Matthew, Mercy and Missions
21 September 2022, Wednesday of the 25th Week in the Ordinary Time
Feast of St Matthew, apostle
Mt 9: 9-13
Matthew. Mercy. Missionary.
Matthew was honest. He recalled where Jesus found him; at the tax booth. He remembered what he was doing when Jesus found him; collecting taxes for Rome. He knew who he was; a public sinner. But when Jesus called him to be with Him, he got up and followed Him. He left what he was doing, his source for a living. Did Matthew make a mistake of losing everything? Could Jesus make a mistake for choosing him?
Jesus took the risk. But what made Matthew respond to Jesus’ call with urgency? When Jesus responded to the Pharisees, “I desire mercy not sacrifice”, most probably, Matthew, who was a known sinner in his own place, must have been experiencing many struggles deep within. But he never pleaded for understanding as a public sinner. He never demanded for acceptance in spite of being rejected by his own people for showing loyalty to Rome. Deep within, Matthew, longed for mercy. And mercy was given freely when he needed it most.
Jesus healed Matthew. By His mercy, Matthew was restored and received into Jesus’ company. He could have experienced being haunted by his past. But Matthew trusted in God’s merciful love. How did Matthew express His gratitude for all the good things that Jesus did to Him? In Matthew 28: 16-20, he was there among the apostles being sent by Jesus who said, “Go…make disciples…baptize…and teach…”. From being with the Lord, Matthew was sent by the Lord. As a wounded healer, his life echoes the wonders that the Lord is doing for all as we responded in every Psalm, “Their message goes out through all the earth”.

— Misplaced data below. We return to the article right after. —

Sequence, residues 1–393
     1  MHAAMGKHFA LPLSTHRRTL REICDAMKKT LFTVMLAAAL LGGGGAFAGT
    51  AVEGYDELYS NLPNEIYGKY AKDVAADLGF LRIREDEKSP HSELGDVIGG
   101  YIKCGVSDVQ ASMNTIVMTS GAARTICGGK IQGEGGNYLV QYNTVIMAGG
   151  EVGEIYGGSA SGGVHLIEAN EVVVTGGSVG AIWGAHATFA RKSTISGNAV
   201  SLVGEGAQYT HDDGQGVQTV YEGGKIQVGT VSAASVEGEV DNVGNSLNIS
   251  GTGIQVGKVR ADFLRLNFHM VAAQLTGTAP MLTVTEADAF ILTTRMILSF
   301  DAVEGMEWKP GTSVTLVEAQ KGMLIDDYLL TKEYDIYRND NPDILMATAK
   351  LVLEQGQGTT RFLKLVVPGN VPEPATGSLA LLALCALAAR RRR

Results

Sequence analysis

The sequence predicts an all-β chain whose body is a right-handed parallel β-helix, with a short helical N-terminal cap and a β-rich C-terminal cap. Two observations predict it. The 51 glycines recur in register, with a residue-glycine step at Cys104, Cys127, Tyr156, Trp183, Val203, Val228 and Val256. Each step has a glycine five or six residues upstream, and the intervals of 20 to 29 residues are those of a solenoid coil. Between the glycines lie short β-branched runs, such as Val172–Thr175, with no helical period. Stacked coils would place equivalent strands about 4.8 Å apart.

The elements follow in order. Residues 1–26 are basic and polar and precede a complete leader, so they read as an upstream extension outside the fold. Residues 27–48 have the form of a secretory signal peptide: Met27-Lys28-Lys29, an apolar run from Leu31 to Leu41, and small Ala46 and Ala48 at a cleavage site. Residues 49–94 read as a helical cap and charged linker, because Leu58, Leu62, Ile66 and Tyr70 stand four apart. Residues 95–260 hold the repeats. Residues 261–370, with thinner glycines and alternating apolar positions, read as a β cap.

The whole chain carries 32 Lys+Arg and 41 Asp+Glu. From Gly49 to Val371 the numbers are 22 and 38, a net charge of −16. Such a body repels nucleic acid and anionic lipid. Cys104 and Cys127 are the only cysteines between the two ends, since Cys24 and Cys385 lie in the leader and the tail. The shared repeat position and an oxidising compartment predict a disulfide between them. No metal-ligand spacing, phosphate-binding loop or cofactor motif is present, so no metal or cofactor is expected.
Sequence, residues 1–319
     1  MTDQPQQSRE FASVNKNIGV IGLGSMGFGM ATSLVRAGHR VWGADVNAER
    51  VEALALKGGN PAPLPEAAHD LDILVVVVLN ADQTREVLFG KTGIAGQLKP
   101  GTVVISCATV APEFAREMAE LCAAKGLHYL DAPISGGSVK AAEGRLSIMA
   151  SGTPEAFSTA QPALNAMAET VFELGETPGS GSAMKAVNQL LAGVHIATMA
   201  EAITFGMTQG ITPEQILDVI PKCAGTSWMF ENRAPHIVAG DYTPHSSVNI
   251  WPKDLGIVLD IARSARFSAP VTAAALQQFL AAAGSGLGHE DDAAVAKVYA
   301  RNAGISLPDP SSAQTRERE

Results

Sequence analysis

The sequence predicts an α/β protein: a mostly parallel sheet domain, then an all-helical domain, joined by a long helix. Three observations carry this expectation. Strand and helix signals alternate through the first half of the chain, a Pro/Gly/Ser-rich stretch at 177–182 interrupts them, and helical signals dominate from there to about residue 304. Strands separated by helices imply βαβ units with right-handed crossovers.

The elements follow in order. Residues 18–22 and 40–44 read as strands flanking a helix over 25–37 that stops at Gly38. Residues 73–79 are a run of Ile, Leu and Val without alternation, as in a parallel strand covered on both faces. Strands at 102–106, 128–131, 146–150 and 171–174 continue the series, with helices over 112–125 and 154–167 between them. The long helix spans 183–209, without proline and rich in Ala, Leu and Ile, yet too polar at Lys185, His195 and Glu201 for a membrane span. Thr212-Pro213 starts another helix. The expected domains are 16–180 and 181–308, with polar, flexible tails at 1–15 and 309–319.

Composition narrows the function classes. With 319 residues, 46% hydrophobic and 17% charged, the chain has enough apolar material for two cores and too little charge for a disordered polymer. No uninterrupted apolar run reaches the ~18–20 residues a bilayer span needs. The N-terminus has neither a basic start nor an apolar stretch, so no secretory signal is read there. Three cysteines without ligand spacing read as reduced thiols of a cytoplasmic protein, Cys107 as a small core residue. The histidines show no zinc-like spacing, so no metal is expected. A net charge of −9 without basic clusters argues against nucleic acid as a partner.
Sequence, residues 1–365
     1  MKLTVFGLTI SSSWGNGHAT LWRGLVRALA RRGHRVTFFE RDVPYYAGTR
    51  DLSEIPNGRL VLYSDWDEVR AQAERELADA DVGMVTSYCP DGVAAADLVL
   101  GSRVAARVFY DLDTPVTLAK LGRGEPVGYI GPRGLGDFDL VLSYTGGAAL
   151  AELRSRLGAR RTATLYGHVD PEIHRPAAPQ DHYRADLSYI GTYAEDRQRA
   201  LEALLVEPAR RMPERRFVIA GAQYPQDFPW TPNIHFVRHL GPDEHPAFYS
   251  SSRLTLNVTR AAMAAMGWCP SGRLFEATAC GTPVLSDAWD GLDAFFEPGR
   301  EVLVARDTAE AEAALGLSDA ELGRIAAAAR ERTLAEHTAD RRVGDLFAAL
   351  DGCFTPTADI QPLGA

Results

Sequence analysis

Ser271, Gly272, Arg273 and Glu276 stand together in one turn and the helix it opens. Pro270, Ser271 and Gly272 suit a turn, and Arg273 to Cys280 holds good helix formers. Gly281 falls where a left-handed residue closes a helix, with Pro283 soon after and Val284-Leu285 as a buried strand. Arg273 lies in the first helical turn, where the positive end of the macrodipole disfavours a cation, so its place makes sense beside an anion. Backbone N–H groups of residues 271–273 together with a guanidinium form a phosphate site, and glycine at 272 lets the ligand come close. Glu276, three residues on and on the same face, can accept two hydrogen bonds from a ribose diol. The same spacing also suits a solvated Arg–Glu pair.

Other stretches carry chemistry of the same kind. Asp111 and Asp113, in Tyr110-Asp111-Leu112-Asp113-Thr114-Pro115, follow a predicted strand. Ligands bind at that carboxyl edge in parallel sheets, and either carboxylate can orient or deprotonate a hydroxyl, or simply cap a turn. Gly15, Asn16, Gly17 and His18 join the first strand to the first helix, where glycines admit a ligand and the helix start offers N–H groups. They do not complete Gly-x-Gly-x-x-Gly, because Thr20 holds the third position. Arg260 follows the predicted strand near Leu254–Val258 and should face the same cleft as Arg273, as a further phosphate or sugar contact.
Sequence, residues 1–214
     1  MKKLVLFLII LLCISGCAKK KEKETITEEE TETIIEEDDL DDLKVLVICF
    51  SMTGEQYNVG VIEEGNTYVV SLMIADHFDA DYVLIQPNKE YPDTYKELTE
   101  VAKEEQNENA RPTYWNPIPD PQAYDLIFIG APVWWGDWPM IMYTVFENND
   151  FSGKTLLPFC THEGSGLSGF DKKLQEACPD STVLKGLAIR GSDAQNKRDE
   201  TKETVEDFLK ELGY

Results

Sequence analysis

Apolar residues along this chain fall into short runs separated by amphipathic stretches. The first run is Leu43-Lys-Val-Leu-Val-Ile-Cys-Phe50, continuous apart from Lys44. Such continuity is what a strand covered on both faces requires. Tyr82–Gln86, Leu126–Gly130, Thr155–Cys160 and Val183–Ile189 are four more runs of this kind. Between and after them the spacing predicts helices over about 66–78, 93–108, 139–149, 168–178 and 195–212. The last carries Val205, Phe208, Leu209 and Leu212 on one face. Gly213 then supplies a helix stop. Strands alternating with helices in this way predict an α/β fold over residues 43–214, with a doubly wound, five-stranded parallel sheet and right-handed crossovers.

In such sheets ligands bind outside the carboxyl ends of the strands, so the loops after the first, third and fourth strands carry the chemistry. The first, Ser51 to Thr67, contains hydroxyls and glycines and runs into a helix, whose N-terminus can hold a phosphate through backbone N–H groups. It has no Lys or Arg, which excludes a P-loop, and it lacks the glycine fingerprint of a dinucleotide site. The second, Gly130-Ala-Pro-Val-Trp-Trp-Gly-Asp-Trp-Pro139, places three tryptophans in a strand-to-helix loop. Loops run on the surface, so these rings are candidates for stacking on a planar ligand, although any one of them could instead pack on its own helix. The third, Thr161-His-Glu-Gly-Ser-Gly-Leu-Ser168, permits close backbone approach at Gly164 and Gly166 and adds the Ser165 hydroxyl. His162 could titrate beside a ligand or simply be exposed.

Today, we are Matthew. Like him, we beg for God’s mercy. But how do we know that we are being healed by God? Our lives as missionaries manifest that, yes, we are sinners, but are called and loved by God. As Matthew was telling us something today about how Jesus healed him, the written Gospel that is attributed to him proclaims Jesus who always accompanies us, telling us, “Emmanuel”, “I am ever with you”. Emmanuel is God’s name. And faithful to His name, the Lord is ever with us as mercy. Being and becoming missionaries is not doing great and many projects. But it is to make all of us conscious of God’s deep and penetrating merciful that accompanies us no matter who we are, what we do, whom we meet and where we go.
Yes, we are sinners, and the Lord keeps on telling us, “I am ever with you.” Yes, we can fall many times. But Jesus tells us that even if you have failed many times, “You are never a failure because I am ever with you”. In one of the rendicontos with my former rector, he asked me, “What is your favorite Bible verse?” I responded, “Mt 28: 16-20.” He said said, “I think you will become a missionary.” But I said, “As a Christian I am. But the very reason why such Gospel passage is very close to my heart is that the Lord assures me that His presence is always present as His name suggests, ‘Emmanuel’”.
St Matthew tells us today one important lesson. As God is with us as mercy, may we share God’s mercy with others as missionaries. Amen.
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